McCain: So, but at the same time, you made the announcement there would be no charges brought against then-Secretary Clinton for any activities involved in the Russia involvement in our engagement in our election. I don’t quite understand how you could be done with that but not done with the whole investigation of their attempt to affect the outcome of the our election.
Comey: No, I’m sorry. We’re not at least when I left when I was fired on May 9th, there was still an open investigation to understand the Russian efforts and whether any Americans worked with them.
McCain: But you reached the conclusion there was no reason to bring charges against Secretary Clinton. So you reached a conclusion in the case of Mr. Comey, the President Comey, in the case of President Trump, you have an ongoing investigation. So you got one candidate who you’re done with and another candidate that you have a long way to go. Is that correct?
Comey: I don’t know how far the FBI has to go, but yes. That the Clinton email investigation was completed. The investigation of Russia’s efforts in connection with the election and whether there was any coordination and if so with whom between Russia and the campaign was ongoing when I left.
McCain: You just made it clear this was a big deal, unquote. I think it’s hard to reconcile one case you reach a complete conclusion and the other side you have not. And you’ve, in fact, obviously, there’s a lot more there as we know as you called a “big deal.” She’s one of the candidates but in her case, you say, there would be no charges and in the case of President Trump, the investigation continues. What has been brought out in this hearing is more and more emphasis on the Russian engagement and involvement in this campaign. How serious do you think this was?
Comey: Very serious. But I want to say something to be clear. We have not announced and there was no predication to announce an investigation of whether the Russians may have coordinated with Secretary Clinton’s campaign. Secretary Clinton’s campaign–
McCain: But they may not have been involved with her campaign. They were involved with the entire presidential campaign, obviously.
Comey: Of course. Yes, sir. And that is an investigation that began last summer and so far as I’m aware continues.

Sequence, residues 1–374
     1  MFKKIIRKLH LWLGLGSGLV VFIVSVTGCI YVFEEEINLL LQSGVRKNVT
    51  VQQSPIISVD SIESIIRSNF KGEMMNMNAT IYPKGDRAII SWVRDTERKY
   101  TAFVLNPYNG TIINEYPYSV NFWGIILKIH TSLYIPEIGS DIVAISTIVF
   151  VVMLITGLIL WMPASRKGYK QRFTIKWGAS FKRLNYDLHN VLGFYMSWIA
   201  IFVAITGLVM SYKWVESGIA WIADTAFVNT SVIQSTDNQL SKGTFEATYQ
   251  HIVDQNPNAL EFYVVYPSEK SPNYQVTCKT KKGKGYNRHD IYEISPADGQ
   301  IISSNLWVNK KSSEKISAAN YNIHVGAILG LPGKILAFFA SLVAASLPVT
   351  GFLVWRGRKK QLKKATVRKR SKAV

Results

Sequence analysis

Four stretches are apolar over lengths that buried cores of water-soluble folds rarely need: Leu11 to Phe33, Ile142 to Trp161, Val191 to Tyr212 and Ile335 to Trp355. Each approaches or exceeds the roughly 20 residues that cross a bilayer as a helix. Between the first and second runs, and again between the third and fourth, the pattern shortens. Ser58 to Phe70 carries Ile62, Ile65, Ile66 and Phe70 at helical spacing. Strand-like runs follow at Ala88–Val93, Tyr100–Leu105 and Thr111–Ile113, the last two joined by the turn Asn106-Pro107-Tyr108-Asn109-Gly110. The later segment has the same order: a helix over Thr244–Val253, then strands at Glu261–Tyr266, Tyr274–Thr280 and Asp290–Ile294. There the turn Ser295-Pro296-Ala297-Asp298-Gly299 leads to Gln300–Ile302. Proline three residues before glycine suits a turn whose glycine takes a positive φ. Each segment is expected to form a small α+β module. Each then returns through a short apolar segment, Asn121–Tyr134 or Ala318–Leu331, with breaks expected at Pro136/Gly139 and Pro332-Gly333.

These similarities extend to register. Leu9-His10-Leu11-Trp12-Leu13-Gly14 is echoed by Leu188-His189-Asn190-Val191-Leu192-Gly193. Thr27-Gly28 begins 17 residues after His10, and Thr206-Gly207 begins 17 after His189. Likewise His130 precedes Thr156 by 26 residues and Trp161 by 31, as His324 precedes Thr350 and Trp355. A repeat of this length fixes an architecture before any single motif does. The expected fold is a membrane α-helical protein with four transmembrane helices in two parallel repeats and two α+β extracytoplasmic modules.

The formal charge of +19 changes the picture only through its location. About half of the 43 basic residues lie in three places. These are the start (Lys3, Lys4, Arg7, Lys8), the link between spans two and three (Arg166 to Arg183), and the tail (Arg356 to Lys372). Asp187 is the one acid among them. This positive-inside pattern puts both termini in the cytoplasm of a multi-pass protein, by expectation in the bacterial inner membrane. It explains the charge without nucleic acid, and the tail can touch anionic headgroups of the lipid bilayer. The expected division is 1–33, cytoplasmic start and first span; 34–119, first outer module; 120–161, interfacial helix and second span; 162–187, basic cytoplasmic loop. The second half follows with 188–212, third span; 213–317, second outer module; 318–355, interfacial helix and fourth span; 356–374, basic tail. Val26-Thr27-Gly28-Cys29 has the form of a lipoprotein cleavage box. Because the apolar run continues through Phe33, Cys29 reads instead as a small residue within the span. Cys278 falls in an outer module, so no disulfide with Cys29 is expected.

McCain: So, both President Trump and former candidate Clinton are both involved in the investigation, yet one of them you said there’s going to be no charges and the other one that the investigation continues. Well, I think there’s a double standard there, to tell you the truth. Then when the president said to you, you talked about the April 11th phone call, and he said quote, because I’ve been very loyal to you, very loyal, we had that thing, you know. Did that arouse your curiosity as to quote, that thing, was?
McCain: Why didn’t you ask him?
Comey: It didn’t seem to be to be important for the conversation we were having to understand it. I took it to be some – an effort to communicate to me in that there is a relationship between us where “I’ve been good to you, you should be good to me.”
McCain: Yeah, but I think it would intensely arouse my curiosity if the president of the United States said “that thing,” you know. I’d like to know what the hell “that thing” is, particularly if I’m the head of the FBI.
Comey: What I concluded at the time is that, in his memory, he was searching back to our encounter at the dinner and was preparing himself to say, “I offered loyalty to you. You promised loyalty to me,” and all of a sudden his memory showed him that did not happen and I think he pulled up short. That’s just a guess. I have had a lot of conversations with humans over the years.
McCain: I think I would have had some curiosity if it had been me, to be honest with you. Are you aware of anything that would lead you to believe that the president or the members of the administration or members of the campaign that could potentially be used to coerce or blackmail the administration?
Comey: That’s a subject for investigations, not something I can comment on sitting here.
McCain: But you reached that conclusion as far as Secretary Clinton was concerned, but you’re not reaching a conclusion as far as this administration is concerned? Are you aware of anything that would lead you to believe that information exists that could coerce members of the administration or blackmail the administration?
Comey: That’s not a question I can answer, senator.
Sen. Richard Burr, R-N.C.: The senator’s time has expired.